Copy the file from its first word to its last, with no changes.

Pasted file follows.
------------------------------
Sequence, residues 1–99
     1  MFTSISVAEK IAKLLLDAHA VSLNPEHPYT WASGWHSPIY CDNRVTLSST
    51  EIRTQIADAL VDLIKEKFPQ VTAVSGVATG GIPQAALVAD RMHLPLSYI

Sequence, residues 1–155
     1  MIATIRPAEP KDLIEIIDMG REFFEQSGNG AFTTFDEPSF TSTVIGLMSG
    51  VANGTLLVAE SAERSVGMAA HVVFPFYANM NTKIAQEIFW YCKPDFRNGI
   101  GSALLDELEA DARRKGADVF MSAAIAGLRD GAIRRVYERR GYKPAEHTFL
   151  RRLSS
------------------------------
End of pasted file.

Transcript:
Sequence, residues 1–99
     1  MFTSISVAEK IAKLLLDAHA VSLNPEHPYT WASGWHSPIY CDNRVTLSST
    51  EIRTQIADAL VDLIKEKFPQ VTAVSGVATG GIPQAALVAD RMHLPLSYI

Sequence, residues 1–155
     1  MIATIRPAEP KDLIEIIDMG REFFEQSGNG AFTTFDEPSF TSTVIGLMSG
    51  VANGTLLVAE SAERSVGMAA HVVFPFYANM NTKIAQEIFW YCKPDFRNGI
   101  GSALLDELEA DARRKGADVF MSAAIAGLRD GAIRRVYERR GYKPAEHTFL
   151  RRLSS